However, before we despair that the Savior is now a man without a country, let’s understand the move was in complete fulfillment of the scriptures. His move took Him to “the territory of Zebulun and Naphtali, so that what was spoken by the prophet Isaiah might be fulfilled…‘the people dwelling in darkness have seen a great light, and for those dwelling in the region and shadow of death, on them a light has dawned.’”­ Capernaum; where Peter lived—was the small fishing hamlet where He called most of His Apostles. Capernaum became His home where He performed so many of His miracles! In this small village a great light dawned. This insignificant coastal town watched as the greatest ministry ever unfolded. And the attitude of Jesus’ heart was to help this little village hamlet where He lived!

For a little over two and a half years the Lord’s ministry would go out and return to Capernaum until He begins what theologians referred to as the Perean Ministry.[1] For a moment, let’s think about the established Capernaum religious community where most of the action happens. What do we know about this little fishing village? Historically, Capernaum was a semi-modern town, begun as early as the 2nd century BC. At the Lord’s time, it’s estimated to have had a population of only about 1,500 people. Archeologists say that only two synagogues were ever built in this small fishermen’s hamlet, one right one top of other. The second was a “rebuilding project” done in the fourth century; the first structure is the original synagogue referred to in Luke 7 and built by a Gentile Centurion. The synagogue was the center of Hebrew social life. We know from Jewish tradition there had to be at least 10 men attending for it to exist. Reading Luke 13 tells us Jarius was the chief ruler among a clique of elders.

From John we learn this synagogue[2] is the one the Lord gave His the famous “I am the Bread of Life” discourse. Of coarse the Apostle writes in his gospel that for many people this was the turning point for following Jesus. (John 6:66 “After this many of his disciples turned back and no longer walked with him.”) Capernaum had received great light and should have embraced the Savior for the great things He spoke and did in their little community. Sadly, they too were choosing the same path of Nazareth in rejection of the Hope of the world. In answer to their denial Jesus utters the warning, “And you, Capernaum, will you be exalted to heaven? You shall be brought down to Hades.” They should have been exalted to heaven for accommodating the greatest ministry the world had ever seen. Instead, for their unbelief the Lord utters the sobering words, “You shall be brought down to Hades.” This small village called Capernaum was presented with one of the harshest woes of judgment found in the scriptures.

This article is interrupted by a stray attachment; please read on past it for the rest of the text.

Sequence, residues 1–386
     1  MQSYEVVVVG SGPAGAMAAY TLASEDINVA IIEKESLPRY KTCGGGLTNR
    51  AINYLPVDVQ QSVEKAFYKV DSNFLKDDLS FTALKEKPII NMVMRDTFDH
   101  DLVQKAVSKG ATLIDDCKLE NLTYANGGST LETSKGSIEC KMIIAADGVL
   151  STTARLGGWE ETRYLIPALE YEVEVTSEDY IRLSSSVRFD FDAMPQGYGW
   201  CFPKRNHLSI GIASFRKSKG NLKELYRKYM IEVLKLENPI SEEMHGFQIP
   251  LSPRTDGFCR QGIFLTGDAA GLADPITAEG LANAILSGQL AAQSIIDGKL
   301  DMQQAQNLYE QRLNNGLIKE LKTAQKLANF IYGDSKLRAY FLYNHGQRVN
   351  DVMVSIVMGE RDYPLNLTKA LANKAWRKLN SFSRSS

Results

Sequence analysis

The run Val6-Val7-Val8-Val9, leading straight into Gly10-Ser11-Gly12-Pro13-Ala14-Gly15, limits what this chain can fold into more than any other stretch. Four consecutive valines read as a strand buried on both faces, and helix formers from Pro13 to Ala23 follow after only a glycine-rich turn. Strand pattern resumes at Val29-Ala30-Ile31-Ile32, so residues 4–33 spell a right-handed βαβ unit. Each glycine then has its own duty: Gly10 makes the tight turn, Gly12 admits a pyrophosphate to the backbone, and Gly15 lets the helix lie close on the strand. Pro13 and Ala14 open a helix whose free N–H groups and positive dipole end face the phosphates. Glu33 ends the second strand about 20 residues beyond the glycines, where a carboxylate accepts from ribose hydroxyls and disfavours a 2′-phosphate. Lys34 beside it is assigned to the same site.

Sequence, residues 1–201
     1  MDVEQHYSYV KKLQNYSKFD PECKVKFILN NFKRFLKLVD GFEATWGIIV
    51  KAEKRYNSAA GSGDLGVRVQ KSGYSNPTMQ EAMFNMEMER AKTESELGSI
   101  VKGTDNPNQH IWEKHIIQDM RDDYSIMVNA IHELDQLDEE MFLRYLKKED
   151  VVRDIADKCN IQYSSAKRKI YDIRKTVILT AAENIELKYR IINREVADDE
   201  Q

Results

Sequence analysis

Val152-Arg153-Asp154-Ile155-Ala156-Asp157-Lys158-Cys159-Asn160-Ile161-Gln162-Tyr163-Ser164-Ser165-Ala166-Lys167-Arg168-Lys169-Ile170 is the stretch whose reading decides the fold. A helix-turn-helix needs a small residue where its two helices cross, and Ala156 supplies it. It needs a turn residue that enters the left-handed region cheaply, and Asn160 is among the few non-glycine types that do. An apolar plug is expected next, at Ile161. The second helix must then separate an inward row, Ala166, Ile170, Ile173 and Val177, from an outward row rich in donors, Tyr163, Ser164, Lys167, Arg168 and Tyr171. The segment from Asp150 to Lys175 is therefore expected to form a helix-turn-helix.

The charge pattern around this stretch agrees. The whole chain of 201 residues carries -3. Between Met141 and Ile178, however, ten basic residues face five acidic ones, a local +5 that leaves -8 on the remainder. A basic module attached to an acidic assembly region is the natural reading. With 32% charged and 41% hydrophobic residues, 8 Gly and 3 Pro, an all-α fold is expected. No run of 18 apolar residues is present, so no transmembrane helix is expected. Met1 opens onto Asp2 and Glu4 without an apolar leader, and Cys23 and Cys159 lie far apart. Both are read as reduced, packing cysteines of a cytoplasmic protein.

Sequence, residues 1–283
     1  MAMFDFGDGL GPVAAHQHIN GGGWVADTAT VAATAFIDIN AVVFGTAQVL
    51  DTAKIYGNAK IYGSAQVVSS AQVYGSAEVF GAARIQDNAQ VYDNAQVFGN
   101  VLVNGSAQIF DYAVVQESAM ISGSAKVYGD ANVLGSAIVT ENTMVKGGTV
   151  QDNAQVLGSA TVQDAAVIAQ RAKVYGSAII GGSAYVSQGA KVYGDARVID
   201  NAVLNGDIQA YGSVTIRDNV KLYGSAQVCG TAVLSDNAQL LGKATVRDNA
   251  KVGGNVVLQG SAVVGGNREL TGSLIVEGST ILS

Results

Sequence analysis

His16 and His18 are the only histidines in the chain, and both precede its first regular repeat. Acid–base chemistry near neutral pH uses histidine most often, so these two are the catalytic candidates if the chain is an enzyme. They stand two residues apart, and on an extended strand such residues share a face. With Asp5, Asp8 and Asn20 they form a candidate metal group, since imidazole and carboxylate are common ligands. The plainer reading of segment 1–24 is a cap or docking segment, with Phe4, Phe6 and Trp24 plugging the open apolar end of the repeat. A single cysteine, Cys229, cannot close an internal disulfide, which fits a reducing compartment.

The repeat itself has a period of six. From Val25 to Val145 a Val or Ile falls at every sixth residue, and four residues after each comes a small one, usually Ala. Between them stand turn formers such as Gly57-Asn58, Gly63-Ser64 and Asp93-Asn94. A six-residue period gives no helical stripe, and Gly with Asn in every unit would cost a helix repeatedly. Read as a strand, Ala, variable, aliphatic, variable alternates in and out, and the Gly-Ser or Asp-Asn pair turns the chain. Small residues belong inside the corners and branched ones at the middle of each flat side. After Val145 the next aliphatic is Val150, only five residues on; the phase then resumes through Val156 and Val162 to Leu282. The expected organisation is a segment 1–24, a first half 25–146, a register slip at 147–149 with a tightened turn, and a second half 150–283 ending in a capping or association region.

However, apart from the Apostles, there was one man in Capernaum who was a divine variable of change and hope—a Gentile Centurion. Luke reveals the Centurion’s faith parlayed a change of promise for the village of Capernaum. The dying servant of a caring Centurion would become a barometer of challenge to this small fishing hamlet. This Roman leader single-handedly became a contrast to the closed and hardening Jewish community of Capernaum’s religious.

No doubt, since Jesus lived and preached there, it’s not unreasonable to think that He knew whom the Centurion was and what this Roman officer meant to this small Jewish enclave of fishermen. In that context it really sounds manipulative to read the words from Luke 7 of what the elders spoke to Jesus, “He is worthy to have you do this for him, for he loves our nation, and he is the one who built us our synagogue.” The, elders didn’t ask, “Can you help a dying servant?” It was more like, “can you do a favor for this rich man who provides for our synagogue?” To them the servant was just another dying man who was well connected.